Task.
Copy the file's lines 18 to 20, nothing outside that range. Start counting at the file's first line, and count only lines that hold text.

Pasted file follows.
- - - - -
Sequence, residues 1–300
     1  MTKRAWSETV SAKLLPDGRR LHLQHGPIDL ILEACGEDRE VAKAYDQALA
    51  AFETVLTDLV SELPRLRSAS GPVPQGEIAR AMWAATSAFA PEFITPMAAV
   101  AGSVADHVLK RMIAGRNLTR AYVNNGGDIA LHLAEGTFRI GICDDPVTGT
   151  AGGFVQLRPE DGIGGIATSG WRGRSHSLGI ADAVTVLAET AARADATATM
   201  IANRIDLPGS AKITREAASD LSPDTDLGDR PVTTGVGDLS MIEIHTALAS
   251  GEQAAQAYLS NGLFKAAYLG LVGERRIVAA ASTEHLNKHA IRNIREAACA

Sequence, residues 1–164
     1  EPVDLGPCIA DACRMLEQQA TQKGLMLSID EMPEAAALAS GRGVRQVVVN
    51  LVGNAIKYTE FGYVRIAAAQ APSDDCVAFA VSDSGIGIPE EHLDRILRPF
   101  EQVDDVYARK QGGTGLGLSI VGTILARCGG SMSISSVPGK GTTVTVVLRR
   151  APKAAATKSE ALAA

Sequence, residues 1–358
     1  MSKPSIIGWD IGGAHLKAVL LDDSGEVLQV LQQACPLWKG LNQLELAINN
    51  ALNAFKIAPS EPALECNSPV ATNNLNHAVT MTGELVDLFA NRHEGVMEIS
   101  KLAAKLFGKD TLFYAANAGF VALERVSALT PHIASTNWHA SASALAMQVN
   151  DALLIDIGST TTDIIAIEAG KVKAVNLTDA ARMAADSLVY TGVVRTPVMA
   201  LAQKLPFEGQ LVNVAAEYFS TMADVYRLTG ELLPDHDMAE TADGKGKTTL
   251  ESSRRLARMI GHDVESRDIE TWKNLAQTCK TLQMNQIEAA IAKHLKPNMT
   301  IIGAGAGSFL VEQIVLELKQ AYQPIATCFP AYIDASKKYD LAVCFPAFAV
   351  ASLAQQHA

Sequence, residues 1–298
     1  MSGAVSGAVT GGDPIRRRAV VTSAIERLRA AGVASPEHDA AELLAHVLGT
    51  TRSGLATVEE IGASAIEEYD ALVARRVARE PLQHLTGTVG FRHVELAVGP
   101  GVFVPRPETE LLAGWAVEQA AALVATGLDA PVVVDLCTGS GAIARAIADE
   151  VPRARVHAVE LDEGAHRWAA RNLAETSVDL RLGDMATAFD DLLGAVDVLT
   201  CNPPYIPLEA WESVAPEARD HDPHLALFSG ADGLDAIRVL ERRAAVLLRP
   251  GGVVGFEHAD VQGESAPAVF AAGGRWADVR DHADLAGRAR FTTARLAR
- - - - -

   201  LAQKLPFEGQ LVNVAAEYFS TMADVYRLTG ELLPDHDMAE TADGKGKTTL
   251  ESSRRLARMI GHDVESRDIE TWKNLAQTCK TLQMNQIEAA IAKHLKPNMT
   301  IIGAGAGSFL VEQIVLELKQ AYQPIATCFP AYIDASKKYD LAVCFPAFAV